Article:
The simplification of complexity is well illustrated by the idea of putting physical obstructions at national borderlines to keep people out. The stereotype of illegal migration imagines three clear roles: the migrant trying to cross, the smuggler or trafficker helping to flout the law and the police officer attempting to stop them. The reality is often much more complicated. The other day a story from Moldova pointed to corruption as a major problem in controlling migration there, and now here is a more tightly focussed account from the Mexico-US border. I understand corruption to mean, in both cases, that those on the police and government side of the equation – who are paid to prevent people from getting in – take money in exchange for making entry easier. This can happen whether the activities in question are labelled smuggling or trafficking.
The below excerpts are from a news report about Lowell Bergman’s documentary on smuggling; his comments were made during a recent briefing at the University of California.
New America Media, Annette Fuentes, 6 Feb 2009
‘Building a fence and wall at the border and putting more border agents down there creates a bigger pool of potential corruption targets.’
The build-up of security agents on the border, especially since Sept. 11, 2001, hasn’t slowed illegal migration . . . Those who would have tried crossing alone are more likely to pay a smuggler to shepherd them across. ‘If people try to get across the border, they eventually get across . . . Part of the fee to the smuggler is the guarantee that they’ll get you across. If they fail the first time, they’ll try again.’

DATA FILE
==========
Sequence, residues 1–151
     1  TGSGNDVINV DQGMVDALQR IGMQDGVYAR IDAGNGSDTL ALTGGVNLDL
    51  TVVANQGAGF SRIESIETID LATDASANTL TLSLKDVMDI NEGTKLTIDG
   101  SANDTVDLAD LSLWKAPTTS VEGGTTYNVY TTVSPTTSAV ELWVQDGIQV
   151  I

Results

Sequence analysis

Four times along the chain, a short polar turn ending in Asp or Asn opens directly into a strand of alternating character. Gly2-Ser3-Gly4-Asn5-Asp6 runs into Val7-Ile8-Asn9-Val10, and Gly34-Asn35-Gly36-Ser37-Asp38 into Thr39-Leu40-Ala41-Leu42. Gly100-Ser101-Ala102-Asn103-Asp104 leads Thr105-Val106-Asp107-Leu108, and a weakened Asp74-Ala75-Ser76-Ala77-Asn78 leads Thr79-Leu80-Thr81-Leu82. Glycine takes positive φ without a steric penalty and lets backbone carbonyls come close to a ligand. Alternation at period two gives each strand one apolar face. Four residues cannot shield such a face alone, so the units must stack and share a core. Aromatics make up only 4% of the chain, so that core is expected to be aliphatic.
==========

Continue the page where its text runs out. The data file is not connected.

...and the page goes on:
. . . Proponents of the militarization of the border have used the threat of terrorist attacks in the wake of Sept. 11, 2001 to justify the build-up. But Bergman noted that there is no evidence that terrorists have ever entered through the Mexico-U.S. border. Of all those apprehended at border crossings, there is no record of non-Mexicans. . .
. . . there has been no effective internal oversight of border agents since the creation of the Department of Homeland Security. Multiple agencies, each with some responsibilities for immigration, customs and law enforcement, have meant no coordinated approach to investigations. ‘They completely lost any idea of what was going on . . . Only now are they beginning to find out, and they are overwhelmed by the number of leads and cases to follow up on.’
The FBI . . . now has about 200 open cases of human smuggling involving corrupt border agents. But the agency is swimming against the tide. ‘People coming through checkpoints . . . is still a growth industry.’
Here the whole black and white, law-and-order idea loses ground, and we see instead a multi-national social setting. Placing people at a border to enforce it provides them with opportunities to make money doing exactly what their formal job pays them to prevent. This is, of course, a widespread phenomenon amongst police of all kinds. Many people take law-enforcement jobs not out of an inspired devotion to the State but because they can get those jobs.Maybe they perform many aspects of their jobs correctly, but they don’t believe in ‘the law’ enough to resist opportunities to freelance.
Here are three more examples of specific cases where those with power were paid to smooth crossing the border: a Dominican diplomat in New York, a filipino in New Jersey and a US customs officer and Chinese smuggler of people via Ecuador.